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Home / Markets / Mark To Market /  Why Divi’s Lab short-term outlook is cloudy

After a good run in financial year 2022, Divi’s Laboratories Ltd has two main problems to grapple with. One, the benefits it saw from the pandemic are set to wane with the expected drop in the sales of covid antiviral drug, molnupiravir, revenues of which are included in the company’s custom synthesis (CS) business. Divi’s manufactures generic active pharmaceutical ingredients (APIs) and is also present in the CS segment.

Against this backdrop, some analysts expect fiscal year 2023 (FY23) revenue from the CS segment to be lower than the previous year on the back of a high base. Some of this pain is already visible, with CS revenues falling sequentially in the June quarter (Q1FY23). Divi’s has completed all molnupiravir orders it had received and is discussing further orders, the management told analysts in the post-earnings call.

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Under the weather

Additionally, the overall near-term earnings outlook is muted. “Divi’s two large custom synthesis projects, which are multi-year, will start delivering commercial quantities only after 1-2 years. Another major growth driver for the company is new generics expiring between 2023-2025, which are currently worth $20 billion. Sales from these new generics are still at least one year away as the patents have yet to expire," said analysts from Jefferies India in a report on 15 August. “Divi’s is also trying to scale up its sartan (used to treat high blood pressure) business, which we believe will require more time to make a major financial impact," the broking firm said.

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The generics (excluding nutraceuticals) business, which formed nearly 39% of Q1 revenue, is improving but may not compensate on an overall basis. “Recovery in generic APIs is unlikely to help bridge the gap from lower molnupiravir sales henceforth resulting in just 2% earnings per share compound annual growth rate over FY2022-25E," according to Kotak Institutional Equities.

Divi’s existing and upcoming capacities would meet near-to-medium term requirements. Capacity utilization is 83%. However, the Kakinada project is vital and the delay there has weighed on investor sentiments. The company is still waiting for land transfer from the Andhra Pradesh government. Excluding this project, Divi’s expects capex not to exceed 500-600 crore in FY23.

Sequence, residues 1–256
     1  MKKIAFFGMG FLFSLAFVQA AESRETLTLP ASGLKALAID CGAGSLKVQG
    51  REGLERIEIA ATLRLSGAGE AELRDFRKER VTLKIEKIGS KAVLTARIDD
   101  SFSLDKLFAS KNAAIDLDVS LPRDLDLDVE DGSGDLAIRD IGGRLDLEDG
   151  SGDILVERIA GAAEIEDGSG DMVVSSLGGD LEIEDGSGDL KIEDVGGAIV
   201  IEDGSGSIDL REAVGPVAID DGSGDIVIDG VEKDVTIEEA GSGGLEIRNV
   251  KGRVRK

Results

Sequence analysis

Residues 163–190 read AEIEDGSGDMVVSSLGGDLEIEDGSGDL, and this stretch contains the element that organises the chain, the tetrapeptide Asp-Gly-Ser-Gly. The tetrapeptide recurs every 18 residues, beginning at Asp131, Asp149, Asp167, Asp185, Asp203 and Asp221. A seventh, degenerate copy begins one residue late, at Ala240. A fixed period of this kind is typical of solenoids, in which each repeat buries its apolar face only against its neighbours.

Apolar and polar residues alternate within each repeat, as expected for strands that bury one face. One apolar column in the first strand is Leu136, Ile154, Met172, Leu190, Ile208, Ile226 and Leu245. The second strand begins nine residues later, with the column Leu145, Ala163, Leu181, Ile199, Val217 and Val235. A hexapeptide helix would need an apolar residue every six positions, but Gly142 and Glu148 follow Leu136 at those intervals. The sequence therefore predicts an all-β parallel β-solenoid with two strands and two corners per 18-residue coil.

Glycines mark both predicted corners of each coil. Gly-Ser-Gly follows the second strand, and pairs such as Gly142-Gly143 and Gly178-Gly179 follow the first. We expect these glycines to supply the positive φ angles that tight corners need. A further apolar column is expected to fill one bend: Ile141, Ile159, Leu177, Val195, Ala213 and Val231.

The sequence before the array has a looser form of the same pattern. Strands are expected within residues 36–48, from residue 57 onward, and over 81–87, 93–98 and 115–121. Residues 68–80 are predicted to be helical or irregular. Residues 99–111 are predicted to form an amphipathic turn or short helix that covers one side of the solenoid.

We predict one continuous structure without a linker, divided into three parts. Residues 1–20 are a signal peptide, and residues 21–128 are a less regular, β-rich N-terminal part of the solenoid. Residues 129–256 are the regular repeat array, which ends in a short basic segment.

Divi’s second problem is that margin woes remain. “The upcoming quarters will see margin pressures, limiting the upgrades in its earnings estimates," said Surya Patra, an analyst at PhilipCapital (India). Divi’s fared well in terms of revenues in Q1, but the margin show was nothing to write home about, with cost pressures and logistical headwinds weighing on profitability. For perspective, earnings before interest, tax, depreciation, and amortization (Ebitda) margin in Q1 dropped to a nine-quarter low of 37.6%. The metric is down 630 basis points (bps) sequentially and 590 bps year-on-year (y-o-y). One basis point is 0.01%.

Divi’s shares are down 5.5% since Friday when Q1 earnings were announced, taking the y-o-y drop in the stock to 20% vis-à-vis the 9% drop in the Nifty Pharma index. However, it’s not like valuations are undemanding. Bloomberg data shows the stock is trading at almost 34 times the estimated earnings for FY24.

“Divi’s mid- to long-term prospects appear to be good given its readily expanded capacities for manufacturing products at a time of supply disruption from China and when global pharma companies aim to de-risk from the Chinese supply chain," Patra said. It has also entered into a contract with a big pharma company in contrast media and is expanding into new areas. However, in the near-term, triggers for meaningful outperformance in Divi’s stock are few and far between.

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